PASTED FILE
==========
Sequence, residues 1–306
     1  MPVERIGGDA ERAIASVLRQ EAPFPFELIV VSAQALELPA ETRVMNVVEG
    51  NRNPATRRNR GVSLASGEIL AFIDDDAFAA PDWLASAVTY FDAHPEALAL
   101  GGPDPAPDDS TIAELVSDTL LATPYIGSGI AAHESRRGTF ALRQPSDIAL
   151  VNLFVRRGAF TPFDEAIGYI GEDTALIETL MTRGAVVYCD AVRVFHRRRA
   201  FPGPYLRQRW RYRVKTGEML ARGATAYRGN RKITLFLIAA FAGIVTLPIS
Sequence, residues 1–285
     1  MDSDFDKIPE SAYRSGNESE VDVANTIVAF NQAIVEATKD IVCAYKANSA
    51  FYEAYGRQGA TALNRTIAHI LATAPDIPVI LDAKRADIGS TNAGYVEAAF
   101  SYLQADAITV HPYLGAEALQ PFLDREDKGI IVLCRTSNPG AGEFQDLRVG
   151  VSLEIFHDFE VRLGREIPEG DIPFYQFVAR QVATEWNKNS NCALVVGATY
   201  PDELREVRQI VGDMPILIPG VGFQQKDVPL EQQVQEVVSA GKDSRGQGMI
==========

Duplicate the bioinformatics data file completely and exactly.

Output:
Sequence, residues 1–306
     1  MPVERIGGDA ERAIASVLRQ EAPFPFELIV VSAQALELPA ETRVMNVVEG
    51  NRNPATRRNR GVSLASGEIL AFIDDDAFAA PDWLASAVTY FDAHPEALAL
   101  GGPDPAPDDS TIAELVSDTL LATPYIGSGI AAHESRRGTF ALRQPSDIAL
   151  VNLFVRRGAF TPFDEAIGYI GEDTALIETL MTRGAVVYCD AVRVFHRRRA
   201  FPGPYLRQRW RYRVKTGEML ARGATAYRGN RKITLFLIAA FAGIVTLPIS
Sequence, residues 1–285
     1  MDSDFDKIPE SAYRSGNESE VDVANTIVAF NQAIVEATKD IVCAYKANSA
    51  FYEAYGRQGA TALNRTIAHI LATAPDIPVI LDAKRADIGS TNAGYVEAAF
   101  SYLQADAITV HPYLGAEALQ PFLDREDKGI IVLCRTSNPG AGEFQDLRVG
   151  VSLEIFHDFE VRLGREIPEG DIPFYQFVAR QVATEWNKNS NCALVVGATY
   201  PDELREVRQI VGDMPILIPG VGFQQKDVPL EQQVQEVVSA GKDSRGQGMI